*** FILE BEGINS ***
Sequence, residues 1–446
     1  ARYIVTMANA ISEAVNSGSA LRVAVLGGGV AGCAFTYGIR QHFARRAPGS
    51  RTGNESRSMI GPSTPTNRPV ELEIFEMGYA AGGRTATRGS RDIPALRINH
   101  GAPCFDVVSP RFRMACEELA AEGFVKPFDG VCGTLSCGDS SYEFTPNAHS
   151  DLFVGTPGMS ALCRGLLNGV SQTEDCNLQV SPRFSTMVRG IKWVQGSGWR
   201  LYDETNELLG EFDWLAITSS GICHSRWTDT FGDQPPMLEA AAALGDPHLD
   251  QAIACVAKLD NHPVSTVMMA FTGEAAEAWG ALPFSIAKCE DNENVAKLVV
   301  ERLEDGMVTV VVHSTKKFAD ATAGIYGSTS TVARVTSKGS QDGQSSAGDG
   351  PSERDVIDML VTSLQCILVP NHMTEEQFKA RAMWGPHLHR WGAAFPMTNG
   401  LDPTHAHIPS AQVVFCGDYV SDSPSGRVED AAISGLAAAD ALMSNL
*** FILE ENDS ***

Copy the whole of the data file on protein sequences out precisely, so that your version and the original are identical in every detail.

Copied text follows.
Sequence, residues 1–446
     1  ARYIVTMANA ISEAVNSGSA LRVAVLGGGV AGCAFTYGIR QHFARRAPGS
    51  RTGNESRSMI GPSTPTNRPV ELEIFEMGYA AGGRTATRGS RDIPALRINH
   101  GAPCFDVVSP RFRMACEELA AEGFVKPFDG VCGTLSCGDS SYEFTPNAHS
   151  DLFVGTPGMS ALCRGLLNGV SQTEDCNLQV SPRFSTMVRG IKWVQGSGWR
   201  LYDETNELLG EFDWLAITSS GICHSRWTDT FGDQPPMLEA AAALGDPHLD
   251  QAIACVAKLD NHPVSTVMMA FTGEAAEAWG ALPFSIAKCE DNENVAKLVV
   301  ERLEDGMVTV VVHSTKKFAD ATAGIYGSTS TVARVTSKGS QDGQSSAGDG
   351  PSERDVIDML VTSLQCILVP NHMTEEQFKA RAMWGPHLHR WGAAFPMTNG
   401  LDPTHAHIPS AQVVFCGDYV SDSPSGRVED AAISGLAAAD ALMSNL